15.  Studies show that households with social security tend to have a low savings rate, suggesting 
that pension provision could reduce saving and boost household consumption (Cai and others 
16.  The assumptions underlying these simulations merit note. Chen uses a projection model 
based on data from Jiangsu Province that assumes that one-quarter of the increase in general 
revenues would be needed for rural pension subsidies to support a universal pension for men 
at age 60 and women at age 55. Assuming that this figure represents 2.5 percent of general 
revenues, a universal farmers’ pension of Y 825 a year could have been provided in 2010 com-
pared with a minimum basic benefit of Y 660 under the national scheme.
17.  The 0.26 percent of GDP figure is likely to be overstated, for several reasons. First, the central 
government is responsible for only 50 percent of the basic benefit for beneficiaries in coastal 
provinces. Second, recipients of the urban contributory old-age pension are not eligible for the 
URPS. Third, the NRPS or the URPS is not likely to cover all elderly people.
18.  In this case, the estimated cost of providing a minimum annual pension of Y 30 per person 
for all working people age 18–59 would be 0.4 percent of GDP in 2012. This figure would 
gradually decline, as the projected working-age population is projected to decline over the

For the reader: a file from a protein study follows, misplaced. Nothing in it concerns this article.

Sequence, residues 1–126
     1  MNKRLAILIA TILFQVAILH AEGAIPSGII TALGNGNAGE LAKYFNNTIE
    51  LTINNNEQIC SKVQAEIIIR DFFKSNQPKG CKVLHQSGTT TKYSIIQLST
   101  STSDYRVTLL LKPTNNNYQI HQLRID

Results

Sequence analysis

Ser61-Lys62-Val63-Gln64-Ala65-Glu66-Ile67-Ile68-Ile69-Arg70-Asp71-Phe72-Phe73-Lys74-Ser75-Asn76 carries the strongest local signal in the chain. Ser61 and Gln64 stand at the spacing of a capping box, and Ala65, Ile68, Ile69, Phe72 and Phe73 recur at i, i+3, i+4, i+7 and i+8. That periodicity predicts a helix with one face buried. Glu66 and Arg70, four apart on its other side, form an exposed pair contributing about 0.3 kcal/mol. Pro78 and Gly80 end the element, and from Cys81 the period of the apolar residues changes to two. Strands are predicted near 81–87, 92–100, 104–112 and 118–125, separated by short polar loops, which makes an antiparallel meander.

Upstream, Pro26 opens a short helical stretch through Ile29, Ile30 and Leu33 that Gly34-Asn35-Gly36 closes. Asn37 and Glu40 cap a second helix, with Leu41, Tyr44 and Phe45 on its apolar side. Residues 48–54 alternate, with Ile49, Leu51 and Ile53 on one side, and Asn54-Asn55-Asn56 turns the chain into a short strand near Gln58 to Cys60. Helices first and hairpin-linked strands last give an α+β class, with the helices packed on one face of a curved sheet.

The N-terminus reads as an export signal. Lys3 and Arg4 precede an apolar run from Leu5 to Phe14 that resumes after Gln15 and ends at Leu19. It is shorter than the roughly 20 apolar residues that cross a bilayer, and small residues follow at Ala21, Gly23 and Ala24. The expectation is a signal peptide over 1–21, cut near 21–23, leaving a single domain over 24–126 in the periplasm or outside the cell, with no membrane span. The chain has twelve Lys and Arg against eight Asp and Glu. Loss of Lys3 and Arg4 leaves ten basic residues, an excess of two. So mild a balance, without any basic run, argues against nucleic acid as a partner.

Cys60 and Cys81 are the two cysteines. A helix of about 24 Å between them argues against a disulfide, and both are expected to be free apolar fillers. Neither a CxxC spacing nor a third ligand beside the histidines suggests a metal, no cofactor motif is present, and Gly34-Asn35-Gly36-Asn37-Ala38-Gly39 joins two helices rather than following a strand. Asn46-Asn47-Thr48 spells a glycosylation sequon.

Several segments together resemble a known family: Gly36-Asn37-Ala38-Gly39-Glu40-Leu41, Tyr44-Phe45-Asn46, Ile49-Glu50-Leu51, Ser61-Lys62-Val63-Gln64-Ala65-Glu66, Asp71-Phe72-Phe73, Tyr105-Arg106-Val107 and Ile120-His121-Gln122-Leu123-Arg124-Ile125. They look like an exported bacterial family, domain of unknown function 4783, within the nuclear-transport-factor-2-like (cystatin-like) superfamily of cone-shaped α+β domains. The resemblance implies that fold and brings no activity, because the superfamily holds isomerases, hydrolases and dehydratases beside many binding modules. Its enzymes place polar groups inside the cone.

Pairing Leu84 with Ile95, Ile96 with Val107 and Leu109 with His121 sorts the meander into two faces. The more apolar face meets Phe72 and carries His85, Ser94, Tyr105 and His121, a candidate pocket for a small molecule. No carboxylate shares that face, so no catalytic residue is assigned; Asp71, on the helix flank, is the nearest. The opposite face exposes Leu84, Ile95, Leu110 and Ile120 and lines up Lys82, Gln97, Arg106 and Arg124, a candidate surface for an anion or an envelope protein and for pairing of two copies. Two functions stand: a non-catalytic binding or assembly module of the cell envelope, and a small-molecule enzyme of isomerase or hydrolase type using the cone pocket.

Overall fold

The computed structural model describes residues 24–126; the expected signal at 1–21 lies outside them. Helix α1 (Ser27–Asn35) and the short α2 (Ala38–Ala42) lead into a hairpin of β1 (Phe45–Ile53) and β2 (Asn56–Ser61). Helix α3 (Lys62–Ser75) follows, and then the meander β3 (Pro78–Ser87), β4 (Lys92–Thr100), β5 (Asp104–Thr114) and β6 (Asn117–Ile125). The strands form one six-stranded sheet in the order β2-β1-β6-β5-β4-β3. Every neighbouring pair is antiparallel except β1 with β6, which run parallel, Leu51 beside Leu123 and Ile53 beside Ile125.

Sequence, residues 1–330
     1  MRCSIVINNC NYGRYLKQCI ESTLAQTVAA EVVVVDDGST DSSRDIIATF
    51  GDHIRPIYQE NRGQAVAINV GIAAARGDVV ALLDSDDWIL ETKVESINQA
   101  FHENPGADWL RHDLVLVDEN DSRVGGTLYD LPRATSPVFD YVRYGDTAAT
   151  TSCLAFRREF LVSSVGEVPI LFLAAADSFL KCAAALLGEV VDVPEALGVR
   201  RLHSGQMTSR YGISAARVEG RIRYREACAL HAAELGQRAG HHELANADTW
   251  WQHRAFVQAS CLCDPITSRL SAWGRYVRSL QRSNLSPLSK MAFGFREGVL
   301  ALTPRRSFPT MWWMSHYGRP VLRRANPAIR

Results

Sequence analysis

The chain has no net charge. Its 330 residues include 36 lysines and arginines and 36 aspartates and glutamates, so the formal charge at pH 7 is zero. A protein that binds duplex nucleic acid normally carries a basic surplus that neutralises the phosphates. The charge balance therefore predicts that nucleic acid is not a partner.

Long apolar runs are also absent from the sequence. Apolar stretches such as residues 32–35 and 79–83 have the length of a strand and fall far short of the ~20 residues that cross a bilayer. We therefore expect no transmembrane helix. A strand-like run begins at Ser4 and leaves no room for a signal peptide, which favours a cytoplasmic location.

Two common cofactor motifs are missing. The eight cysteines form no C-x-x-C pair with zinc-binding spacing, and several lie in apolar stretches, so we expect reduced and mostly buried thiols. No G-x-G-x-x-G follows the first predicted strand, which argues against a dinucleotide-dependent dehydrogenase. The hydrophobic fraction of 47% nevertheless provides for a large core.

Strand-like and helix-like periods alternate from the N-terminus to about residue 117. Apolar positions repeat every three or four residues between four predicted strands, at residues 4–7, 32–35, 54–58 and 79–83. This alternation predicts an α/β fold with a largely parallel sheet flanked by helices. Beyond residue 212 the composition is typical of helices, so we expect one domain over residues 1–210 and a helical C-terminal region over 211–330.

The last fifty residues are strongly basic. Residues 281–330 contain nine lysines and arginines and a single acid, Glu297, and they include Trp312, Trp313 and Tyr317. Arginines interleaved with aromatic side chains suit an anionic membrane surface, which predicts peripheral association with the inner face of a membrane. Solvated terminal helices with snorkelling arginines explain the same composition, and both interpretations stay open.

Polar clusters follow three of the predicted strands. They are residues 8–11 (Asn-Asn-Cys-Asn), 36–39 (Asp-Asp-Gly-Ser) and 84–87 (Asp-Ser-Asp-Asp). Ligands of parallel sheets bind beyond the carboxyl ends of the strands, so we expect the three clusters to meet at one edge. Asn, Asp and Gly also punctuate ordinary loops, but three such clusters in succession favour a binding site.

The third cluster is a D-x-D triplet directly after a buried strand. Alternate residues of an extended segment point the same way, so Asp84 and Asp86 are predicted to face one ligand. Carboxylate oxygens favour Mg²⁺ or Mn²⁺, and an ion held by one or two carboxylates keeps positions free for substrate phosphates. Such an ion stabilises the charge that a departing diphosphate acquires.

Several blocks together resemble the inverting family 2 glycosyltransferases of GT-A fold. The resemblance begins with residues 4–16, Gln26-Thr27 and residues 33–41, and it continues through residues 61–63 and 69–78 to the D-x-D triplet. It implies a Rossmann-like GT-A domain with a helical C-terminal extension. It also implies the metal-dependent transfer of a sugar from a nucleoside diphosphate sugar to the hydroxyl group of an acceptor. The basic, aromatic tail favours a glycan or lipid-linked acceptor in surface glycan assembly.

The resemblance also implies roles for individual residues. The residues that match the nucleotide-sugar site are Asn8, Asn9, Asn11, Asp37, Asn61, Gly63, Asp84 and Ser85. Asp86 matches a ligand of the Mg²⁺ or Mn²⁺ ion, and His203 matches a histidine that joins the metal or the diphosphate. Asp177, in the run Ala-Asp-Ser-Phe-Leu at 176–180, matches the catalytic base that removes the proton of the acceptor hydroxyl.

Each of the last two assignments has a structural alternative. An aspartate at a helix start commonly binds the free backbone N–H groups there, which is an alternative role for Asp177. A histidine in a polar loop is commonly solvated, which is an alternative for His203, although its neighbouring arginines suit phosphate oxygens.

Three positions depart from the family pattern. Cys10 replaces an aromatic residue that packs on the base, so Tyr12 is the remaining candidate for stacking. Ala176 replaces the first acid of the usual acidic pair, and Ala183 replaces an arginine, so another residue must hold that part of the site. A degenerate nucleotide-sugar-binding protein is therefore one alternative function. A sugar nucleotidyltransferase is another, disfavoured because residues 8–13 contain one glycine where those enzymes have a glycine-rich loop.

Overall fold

coming years.
19. See http://www.worldlifeexpectancy.com/your-life-expectancy-by-age.
20.  The authorities indicated that “in the pilot phase, the new rural pension funds can be man-
aged by counties…and with the rolling out of the pilot, management can be transferred to 
higher levels; provincial management can be practiced in places with the required conditions.” 
Funds were “to be deposited into the fiscal account of social security funds, and managed in 
a way of separating revenue from expenditures with separate book-keeping and auditing and 
inflation-proofing and appreciation according to relevant regulations” (State Council 2009). 
21.  The 2009 State Council decision states: 
The way the new rural pension scheme can be dovetailed with the urban workers basic pension 
scheme and other pension schemes should be decided by the Ministry of Human Resources and 
Social Security together with the Ministry of Finance. There is also a need to dovetail the new rural 
pension scheme with other policies and systems, such as social security of farmers whose land has 
been requisitioned; policies for reservoir resettlement; preferential policies toward households prac-
ticing family planning in rural areas; Wubao [the five guarantees program for the elderly, people 
with disabilities, and youth who lack the ability to work, sources of income, and sources of sup-
port, such as assistance from family members; about 5.5 million people have been covered by such 
benefits in recent years] in rural areas; social special care; and dibao. The specific methods will be 
studied and decided by the Ministry of Human Resources and Social Security and the Ministry of